“Who is she?” John asked quietly. He stifled a yawn, stood and stretched.
“No idea,” Sherlock murmured.
“Well, I’m off to bed. If you figure it out, you can tell me in the morning.”
Both men woke to find the apartment empty and the fireplace cold. Sherlock gleaned a tuft of brown fur from the rug as John put the kettle on. Neither had any particular place to be on that Saturday morning, so John suggested they do the shopping.
The mid-morning air was brisk as they walked back from the shop, toting bags of groceries. John lifted his head high, peering quizzically down the sidewalk.
“Sherlock, is that your brother?” he asked.
Sherlock nodded, having indeed noticed Mycroft standing at the front door of 221 Baker Street. The older man reached for the ground, then straightened upon noticing them. He brushed down the front of his lapels and smoothed his hair.
“Sherlock,” he greeted them with a nod, lips pinched tightly as he stared down from the top of their stoop.
John rolled his eyes.
“Good morning, Mycroft. What brings you?”
Mycroft stood in the way of their front door, not moving. John was about to tell him to shift over so he could unlock the door when Mycroft made an awkward wiggle.
“Are… are you stuck?”
“No!” replied Mycroft, eyes blazing, “Or well, only barely… my rear suit quarter is caught in your door.”
Sherlock and John stifled chuckles. Mycroft’s lips pinched ever tighter.
“Tell me, Brother, is your shoe also adhered to the ground? You haven’t moved your foot since you noticed us coming up the sidewalk.”
“Well, I’ve barely any room, haven’t I?” Mycroft griped. “My elbow’s nearly in your doorjam.”
John set his bags on the ground and came up the steps with his key, but found that Mycroft was exactly right. He’d managed to shut the door on his jacket so completely that he had literally no forward movement to get out of John’s way.
“Mrs. Hudson’s not home. I’ll have to climb the drainpipe out back. It’ll take a few minutes,” John offered.
He tried his best to sound sympathetic, but Mycroft’s apoplectic expression caused him a great deal of personal joy.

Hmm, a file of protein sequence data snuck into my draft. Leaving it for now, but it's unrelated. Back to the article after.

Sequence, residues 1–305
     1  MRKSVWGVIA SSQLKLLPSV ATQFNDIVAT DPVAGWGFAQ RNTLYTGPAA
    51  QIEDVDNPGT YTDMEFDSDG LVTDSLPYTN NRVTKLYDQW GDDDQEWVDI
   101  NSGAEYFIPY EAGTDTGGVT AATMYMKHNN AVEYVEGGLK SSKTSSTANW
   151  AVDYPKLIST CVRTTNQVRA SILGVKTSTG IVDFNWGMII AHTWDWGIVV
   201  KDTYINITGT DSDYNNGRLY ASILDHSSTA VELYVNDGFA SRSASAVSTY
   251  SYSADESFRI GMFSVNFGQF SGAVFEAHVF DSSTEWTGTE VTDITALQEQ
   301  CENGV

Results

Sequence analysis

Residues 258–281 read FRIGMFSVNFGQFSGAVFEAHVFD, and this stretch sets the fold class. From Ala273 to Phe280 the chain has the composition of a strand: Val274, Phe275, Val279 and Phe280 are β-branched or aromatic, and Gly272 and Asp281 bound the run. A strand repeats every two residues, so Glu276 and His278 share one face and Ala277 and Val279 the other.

“No! I’m late for a - I have no time - I can’t be bothered with one of your juvenile solutions- wait! What are you doing?!” roared Mycroft.
John held up his pen knife, the blade flipped out.
“Quickest solution,” he muttered, teeth gritted.
Over Mycroft’s loud protests, John sawed through the expensive wool thread by thread until at last Mycroft’s own pulling and yanking allowed him to burst free. The man fell forward, mouth opening and closing like a fish. Sherlock swooped down and quickly retrieved a small item left on the stoop. He stood and extended his palm to return a black and silver jump drive.
“My suit!” Mycroft cried. “Look what you’ve done to my suit!”
He twisted, attempting to grab a fistful of the mangled fabric for inspection. Then, suddenly remembering where he was, he took a deep breath and exhaled through his nose. Expression composed, Mycroft opened his eyes and considered his brother. He took the jump drive and dropped it into one intact pocket.
“Thank you, Sherlock. I must be off now, but I’ll return later to discuss some... business.”
A shiny black sedan appeared out of nowhere and waited patiently at the curb, tailpipe blowing clouds in the cold air. With a wintry smile that didn’t reach his eyes, Mycroft disappeared into its depths and spun off. As soon as it turned the corner, Sherlock held up the black and silver jump drive, chuckling to himself. He tossed it up one handed and snatched it out of the air.
“Why, you sneaky son-of-a-” began John.
“I know what type of thumb drive Mycroft prefers; I keep a few extra in my pocket. C’mon, John, let’s see what he was so eager to hide from us,” Sherlock urged, long legs making short work of the stairs.
The drive was encrypted, as Sherlock had expected, so he sent it off by courier to a mysterious but assuredly trustworthy associate hidden somewhere in a shadier part of London. Once all the groceries were put away, John settled down to update his blog. He grimaced; the seat in front of his laptop was still warm from Sherlock’s recent occupancy. The man never could use his own computer! John sank into his small world of words, twisting their most recent investigation this way and that until it resembled in text (somewhat) the adventure they had experienced in life. The story’s true ending had been very satisfying; he was sure the readers would feel similarly. John sat back and took a deep breath. Time for a first draft edit.
A knock at the door interrupted his train of thought. Irritated, John’s head snapped up.
“Sherlock! Get that, please!” John called.
The man was nowhere to be found. How long have I been sitting here alone? John wondered.
He rose and got the door, only to find the awkward bulk of Ms. Turnabout, still wearing her heavy coat, surprising him for a second time.
“Dr. Watson! Lovely to see you again,” the woman enthused, gliding past him and entering the flat.
“Errr, you too, Ms. Turnabout? I’m sorry, but Sherlock doesn’t appear to be home?” John turned and followed the woman with his eyes.
She still wore the huge hat over her eyes, but now, in daylight, he could see her small nose protruding. It lessened the bear impression - a bit. Looking this way and that, she elected to sit in Sherlock’s great chair with a daintiness that belied her voluminous garment.